tensile strength in any direction, as we know. You can't make a rope out of water. None of these bonds
is strong at all in the liquid state. We can see why just by studying the diagram more closely. The
equatorial bonds are weak because charge is being channeled weakly by the big open disk. The three
central alphas don't really have a sharp charge focus, due to the stacking. The triple charge tends to
dissipate rather than sharpen as it goes out, as you would expect. So the protons out there on the ends
are channeling a dissipated field. This makes the Hydrogen bond weak at that point.
The other problem with the Hydrogen bond can be seen when we look again at the individual water
molecule. Notice that the side protons are channeling charge through the hole, but they are also
channeling charge equatorially themselves, along their own equators.
This not only dissipates the sideways field even more, it also interferes with the axial charge field
created by the axial protons top and bottom. Think of those black arrows pushing adjoining molecules
away. So the Hydrogen bond is weak all the way round, and almost any external force will break it.
If we turn every other molecule a quarter turn, we can strengthen the bond quite a bit, giving ice a
much higher tensile strength. But ice can still be chipped pretty easily, and this is because we are
focusing the external force on one plane of bonds.
Now let us see what is wrong with the current model. That diagram is from Wiki, and it is supposed to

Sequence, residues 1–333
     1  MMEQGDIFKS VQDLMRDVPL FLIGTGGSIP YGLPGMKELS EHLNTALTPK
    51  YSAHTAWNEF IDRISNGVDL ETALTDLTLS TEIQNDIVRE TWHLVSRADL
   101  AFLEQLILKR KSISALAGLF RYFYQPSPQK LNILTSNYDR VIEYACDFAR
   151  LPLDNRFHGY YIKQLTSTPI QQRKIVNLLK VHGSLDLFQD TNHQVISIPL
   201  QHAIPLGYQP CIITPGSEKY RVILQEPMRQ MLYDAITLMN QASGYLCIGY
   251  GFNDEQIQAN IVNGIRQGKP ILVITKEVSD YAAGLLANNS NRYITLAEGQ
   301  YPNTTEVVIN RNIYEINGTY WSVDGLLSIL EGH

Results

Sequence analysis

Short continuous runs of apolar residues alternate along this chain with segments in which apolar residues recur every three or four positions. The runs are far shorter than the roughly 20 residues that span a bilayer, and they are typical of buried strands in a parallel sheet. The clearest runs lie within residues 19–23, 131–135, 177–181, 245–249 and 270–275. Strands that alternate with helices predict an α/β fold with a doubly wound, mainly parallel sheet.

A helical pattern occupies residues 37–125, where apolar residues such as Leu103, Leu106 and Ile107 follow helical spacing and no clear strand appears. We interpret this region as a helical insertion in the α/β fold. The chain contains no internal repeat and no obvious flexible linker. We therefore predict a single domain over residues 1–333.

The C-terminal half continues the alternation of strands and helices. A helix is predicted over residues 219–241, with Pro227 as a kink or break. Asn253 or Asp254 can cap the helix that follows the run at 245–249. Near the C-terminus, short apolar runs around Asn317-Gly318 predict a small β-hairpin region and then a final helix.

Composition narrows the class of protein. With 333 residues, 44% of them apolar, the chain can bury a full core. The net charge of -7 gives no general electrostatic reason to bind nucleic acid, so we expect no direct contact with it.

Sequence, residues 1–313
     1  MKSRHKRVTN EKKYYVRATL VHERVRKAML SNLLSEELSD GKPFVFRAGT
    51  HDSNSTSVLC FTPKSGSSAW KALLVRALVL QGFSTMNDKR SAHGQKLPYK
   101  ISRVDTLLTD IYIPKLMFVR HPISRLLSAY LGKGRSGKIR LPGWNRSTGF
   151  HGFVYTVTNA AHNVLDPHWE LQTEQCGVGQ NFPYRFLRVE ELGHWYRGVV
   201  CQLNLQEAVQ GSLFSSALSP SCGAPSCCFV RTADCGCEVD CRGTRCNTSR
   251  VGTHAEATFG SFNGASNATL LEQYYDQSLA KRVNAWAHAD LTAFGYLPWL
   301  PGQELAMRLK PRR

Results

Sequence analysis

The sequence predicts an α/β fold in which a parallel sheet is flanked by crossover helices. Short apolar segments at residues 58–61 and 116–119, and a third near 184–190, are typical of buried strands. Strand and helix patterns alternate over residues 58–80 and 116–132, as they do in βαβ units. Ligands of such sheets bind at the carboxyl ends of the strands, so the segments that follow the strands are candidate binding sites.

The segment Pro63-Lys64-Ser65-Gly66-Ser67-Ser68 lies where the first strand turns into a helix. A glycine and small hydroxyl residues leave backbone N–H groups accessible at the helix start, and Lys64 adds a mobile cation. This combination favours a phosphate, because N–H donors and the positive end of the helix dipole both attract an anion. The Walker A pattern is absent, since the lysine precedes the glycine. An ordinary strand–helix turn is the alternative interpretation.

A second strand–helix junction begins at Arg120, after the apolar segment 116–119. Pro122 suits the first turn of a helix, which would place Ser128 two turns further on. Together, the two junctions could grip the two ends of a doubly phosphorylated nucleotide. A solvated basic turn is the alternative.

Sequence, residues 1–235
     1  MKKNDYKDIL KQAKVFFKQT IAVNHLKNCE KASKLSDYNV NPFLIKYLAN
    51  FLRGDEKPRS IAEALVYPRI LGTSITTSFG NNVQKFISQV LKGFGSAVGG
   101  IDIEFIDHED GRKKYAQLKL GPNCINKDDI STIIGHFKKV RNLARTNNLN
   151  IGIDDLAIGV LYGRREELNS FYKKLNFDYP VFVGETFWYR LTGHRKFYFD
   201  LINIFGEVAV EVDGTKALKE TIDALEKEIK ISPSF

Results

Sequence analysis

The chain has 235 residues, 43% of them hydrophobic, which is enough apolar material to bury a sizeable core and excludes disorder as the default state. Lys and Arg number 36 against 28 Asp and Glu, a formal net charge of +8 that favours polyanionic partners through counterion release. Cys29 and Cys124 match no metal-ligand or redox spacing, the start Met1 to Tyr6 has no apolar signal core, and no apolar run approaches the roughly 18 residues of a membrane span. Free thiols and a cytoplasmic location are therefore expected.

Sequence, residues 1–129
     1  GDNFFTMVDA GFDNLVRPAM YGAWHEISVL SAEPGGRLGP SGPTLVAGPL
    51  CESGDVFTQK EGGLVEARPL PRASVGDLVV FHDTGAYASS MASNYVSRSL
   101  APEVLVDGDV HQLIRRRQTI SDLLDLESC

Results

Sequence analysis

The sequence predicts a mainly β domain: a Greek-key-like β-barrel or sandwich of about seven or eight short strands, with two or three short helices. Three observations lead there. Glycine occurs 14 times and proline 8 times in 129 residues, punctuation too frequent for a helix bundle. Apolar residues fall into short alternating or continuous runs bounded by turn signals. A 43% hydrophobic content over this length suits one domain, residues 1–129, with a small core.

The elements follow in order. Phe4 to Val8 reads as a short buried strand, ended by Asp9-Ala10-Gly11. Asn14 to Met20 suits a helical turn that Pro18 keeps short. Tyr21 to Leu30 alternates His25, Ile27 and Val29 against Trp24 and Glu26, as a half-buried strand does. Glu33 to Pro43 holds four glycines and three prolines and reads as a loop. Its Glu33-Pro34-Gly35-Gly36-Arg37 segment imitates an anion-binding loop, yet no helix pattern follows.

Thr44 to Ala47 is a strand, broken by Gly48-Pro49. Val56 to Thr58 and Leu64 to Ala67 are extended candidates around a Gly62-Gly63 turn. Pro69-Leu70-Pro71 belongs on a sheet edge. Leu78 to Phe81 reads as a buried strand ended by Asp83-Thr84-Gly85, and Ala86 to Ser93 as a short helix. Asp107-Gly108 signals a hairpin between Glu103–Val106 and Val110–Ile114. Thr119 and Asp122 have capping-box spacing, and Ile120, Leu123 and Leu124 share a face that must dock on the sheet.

be hexagonal ice. It is actually fairly close to my model, since we see four bonds between each
molecule. The biggest problem is that no bond is opposite another bond, and, as I have shown, that
can't work. To channel charge through the nucleus, we must have my diagram, not this one. However,
if you take the time to model my 3-D structure, with the quarter turns, you find it creates a hexagonal
shape. You have four bonds, plus two turns each time, which creates six degrees of freedom. So
although the molecules are mainly cubic, the spaces between molecules are hexagonal.
Before I sum up, let us look quickly at the so-called covalent bond between Hydrogen and Oxygen. As
you see, no electrons are being shared. The Hydrogen protons are simply aligning themselves to the
charge field surrounding the Oxygen nucleus. It is the ambient and channeled charge field that defines
and creates these structures, not electron configurations. Spinning protons maintain the channels, not
the electrons. The electrons are mainly along for the ride.
To recap, I have shown you the mechanical reason for:
1) Why the Hydrogen bond is weaker than the ionic or covalent bond. Basically, the charge plug-
in is weaker, because the charge is channeled with less focus through the molecule.
2) Why the covalent bond is weaker than the nuclear bond between protons and alphas. Here, the
proton isn't plugging into an alpha, it is simply aligning itself to the charge field. Because it is a